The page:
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Veterans Aid respond to Drew Hendry MP

Veterans Aid

2 min read Partner content

CEO Veterans Aid Dr Hugh Milroy has responded to Drew Hendry MP.

I read Drew Hendry’s article with interest because, poignant though Mr Omondi’s story is, it is just one of hundreds of similar cases that Veterans Aid has encountered over the years. Since 2007 we have interacted with nearly 700 Foreign & Commonwealth veterans seeking help with status issues. These range from regularisation of their own status to complicated appeals to reunite, or keep together, families. Indeed during 2012/14 – well before the scale of the Windrush debacle was revealed - we highlighted two landmark cases that effected a change in the law. 

A national of Botswana,  described by senior military figures as an “intelligent, motivated and hard-working soldier” with an “exemplary record of conduct”, faced deportation because he had a speeding conviction. An equally well regarded Fijiian soldier, with a British wife and two British-born children, also faced deportation because of a minor military disciplinary action. Veterans Aid supported both individuals until successful outcomes had been achieved, but most simply slip through the net unless a journalist or politician takes up cudgels on their behalf.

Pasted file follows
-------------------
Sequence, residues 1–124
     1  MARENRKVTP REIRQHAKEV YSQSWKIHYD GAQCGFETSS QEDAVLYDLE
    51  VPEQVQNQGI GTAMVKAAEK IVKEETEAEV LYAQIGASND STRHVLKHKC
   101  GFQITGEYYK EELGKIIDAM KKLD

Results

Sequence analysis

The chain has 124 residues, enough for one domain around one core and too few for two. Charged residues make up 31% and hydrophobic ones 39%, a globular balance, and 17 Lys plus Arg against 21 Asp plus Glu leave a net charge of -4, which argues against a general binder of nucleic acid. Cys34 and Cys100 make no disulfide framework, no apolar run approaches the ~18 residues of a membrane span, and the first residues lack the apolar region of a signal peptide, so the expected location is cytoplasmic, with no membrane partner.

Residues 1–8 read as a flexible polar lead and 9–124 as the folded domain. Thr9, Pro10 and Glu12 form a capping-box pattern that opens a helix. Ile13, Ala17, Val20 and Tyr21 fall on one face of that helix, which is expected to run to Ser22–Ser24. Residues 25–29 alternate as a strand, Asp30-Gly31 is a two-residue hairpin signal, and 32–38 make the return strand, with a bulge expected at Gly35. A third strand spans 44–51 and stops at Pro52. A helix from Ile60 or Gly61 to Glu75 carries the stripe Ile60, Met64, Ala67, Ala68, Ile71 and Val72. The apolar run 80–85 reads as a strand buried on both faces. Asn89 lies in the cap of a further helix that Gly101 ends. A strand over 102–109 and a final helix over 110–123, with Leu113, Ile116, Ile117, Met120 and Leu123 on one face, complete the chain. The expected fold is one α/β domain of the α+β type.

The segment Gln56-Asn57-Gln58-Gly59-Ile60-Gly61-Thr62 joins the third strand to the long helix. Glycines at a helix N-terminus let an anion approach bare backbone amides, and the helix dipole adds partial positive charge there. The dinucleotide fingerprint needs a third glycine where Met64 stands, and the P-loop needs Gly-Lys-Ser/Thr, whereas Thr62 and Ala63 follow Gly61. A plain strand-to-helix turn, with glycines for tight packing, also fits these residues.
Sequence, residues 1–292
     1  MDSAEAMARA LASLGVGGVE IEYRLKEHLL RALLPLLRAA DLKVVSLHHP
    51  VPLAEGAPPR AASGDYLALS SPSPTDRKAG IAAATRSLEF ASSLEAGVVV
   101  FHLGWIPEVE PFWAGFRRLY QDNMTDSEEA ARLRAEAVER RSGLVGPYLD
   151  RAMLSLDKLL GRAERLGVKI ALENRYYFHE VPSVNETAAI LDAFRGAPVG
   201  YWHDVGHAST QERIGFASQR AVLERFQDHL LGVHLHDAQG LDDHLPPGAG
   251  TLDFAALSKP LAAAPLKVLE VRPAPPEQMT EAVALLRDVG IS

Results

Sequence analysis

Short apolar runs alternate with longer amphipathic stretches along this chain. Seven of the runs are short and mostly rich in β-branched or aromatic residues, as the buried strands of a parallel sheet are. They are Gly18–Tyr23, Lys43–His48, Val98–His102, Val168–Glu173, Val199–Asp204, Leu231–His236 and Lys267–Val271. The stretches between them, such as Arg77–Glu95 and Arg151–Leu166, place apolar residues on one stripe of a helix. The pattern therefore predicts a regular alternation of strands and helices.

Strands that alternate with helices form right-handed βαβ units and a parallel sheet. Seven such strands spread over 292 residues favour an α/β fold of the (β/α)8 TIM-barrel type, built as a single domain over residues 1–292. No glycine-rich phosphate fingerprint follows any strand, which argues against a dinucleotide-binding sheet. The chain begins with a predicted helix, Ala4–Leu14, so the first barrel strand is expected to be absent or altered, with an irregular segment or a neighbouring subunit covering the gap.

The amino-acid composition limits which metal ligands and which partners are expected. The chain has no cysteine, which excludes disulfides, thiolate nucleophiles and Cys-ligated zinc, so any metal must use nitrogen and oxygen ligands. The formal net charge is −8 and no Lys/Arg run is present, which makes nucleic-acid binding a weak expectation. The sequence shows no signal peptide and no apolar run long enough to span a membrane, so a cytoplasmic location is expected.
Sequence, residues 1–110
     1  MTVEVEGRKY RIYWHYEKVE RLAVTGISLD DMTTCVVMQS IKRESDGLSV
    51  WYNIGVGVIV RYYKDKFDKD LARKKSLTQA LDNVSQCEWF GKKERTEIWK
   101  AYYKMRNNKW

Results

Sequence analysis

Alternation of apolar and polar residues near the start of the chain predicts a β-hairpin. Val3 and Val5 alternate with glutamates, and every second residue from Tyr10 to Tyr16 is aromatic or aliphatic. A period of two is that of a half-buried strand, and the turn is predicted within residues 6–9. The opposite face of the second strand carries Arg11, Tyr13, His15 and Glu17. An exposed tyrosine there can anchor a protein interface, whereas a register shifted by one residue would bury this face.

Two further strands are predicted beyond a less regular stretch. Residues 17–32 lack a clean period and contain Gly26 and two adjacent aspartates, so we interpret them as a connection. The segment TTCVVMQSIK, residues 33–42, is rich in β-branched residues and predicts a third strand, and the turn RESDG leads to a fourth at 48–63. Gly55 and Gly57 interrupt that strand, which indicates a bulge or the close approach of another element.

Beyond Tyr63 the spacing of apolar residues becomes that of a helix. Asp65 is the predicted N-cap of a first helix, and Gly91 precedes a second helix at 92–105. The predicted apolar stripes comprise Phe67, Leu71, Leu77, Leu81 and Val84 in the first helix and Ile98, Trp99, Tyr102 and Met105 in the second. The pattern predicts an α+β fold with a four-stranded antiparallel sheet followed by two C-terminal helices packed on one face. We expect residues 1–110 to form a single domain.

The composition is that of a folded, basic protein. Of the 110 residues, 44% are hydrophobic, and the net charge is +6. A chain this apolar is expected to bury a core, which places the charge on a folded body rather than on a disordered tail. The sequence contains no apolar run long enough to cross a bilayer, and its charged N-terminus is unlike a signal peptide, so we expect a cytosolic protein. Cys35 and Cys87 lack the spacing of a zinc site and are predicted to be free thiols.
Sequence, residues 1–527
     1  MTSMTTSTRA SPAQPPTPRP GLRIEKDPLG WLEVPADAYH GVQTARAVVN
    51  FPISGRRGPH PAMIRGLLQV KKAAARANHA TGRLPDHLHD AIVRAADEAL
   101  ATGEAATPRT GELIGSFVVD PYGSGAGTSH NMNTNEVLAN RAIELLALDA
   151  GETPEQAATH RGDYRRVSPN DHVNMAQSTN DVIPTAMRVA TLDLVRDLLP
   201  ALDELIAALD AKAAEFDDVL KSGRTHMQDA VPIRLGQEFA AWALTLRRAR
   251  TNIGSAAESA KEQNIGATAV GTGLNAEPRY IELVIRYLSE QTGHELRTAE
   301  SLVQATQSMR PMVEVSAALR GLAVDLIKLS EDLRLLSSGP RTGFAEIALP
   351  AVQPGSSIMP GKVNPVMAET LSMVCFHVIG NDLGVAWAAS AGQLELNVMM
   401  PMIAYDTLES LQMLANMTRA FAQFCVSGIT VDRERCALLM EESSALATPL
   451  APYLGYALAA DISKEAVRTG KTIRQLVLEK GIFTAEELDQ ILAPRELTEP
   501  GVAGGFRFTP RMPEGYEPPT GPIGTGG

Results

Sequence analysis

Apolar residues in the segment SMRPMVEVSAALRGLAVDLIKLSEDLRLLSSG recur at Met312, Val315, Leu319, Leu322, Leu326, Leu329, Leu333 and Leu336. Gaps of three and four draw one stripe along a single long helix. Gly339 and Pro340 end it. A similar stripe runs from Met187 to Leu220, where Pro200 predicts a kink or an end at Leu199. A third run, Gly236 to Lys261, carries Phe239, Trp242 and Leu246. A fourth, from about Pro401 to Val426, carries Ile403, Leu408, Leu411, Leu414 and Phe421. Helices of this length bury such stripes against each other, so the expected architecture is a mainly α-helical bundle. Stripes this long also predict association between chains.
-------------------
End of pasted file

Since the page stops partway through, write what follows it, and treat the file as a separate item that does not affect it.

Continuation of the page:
More recently, in a case remarkably similar to the one Drew Hendry describes, Veterans Aid successfully helped to reunite a father from Sierra Leone with his daughter. It took nine months to resolve. (*This is not VA’s core business, but on the basis of considerable experience with a similar case we are happy to advise if required?)

Behind each ‘case' there is a tale of human misery and while the details differ, the causes rarely do.  Residency and status regulations are complex and inflexible. Advice to those about to leave the Armed Forces is either not given, or not given a priority. Costs relating to residency and citizenship applications are prohibitively high – and well beyond the budget of a typical former infantry soldier with a family.


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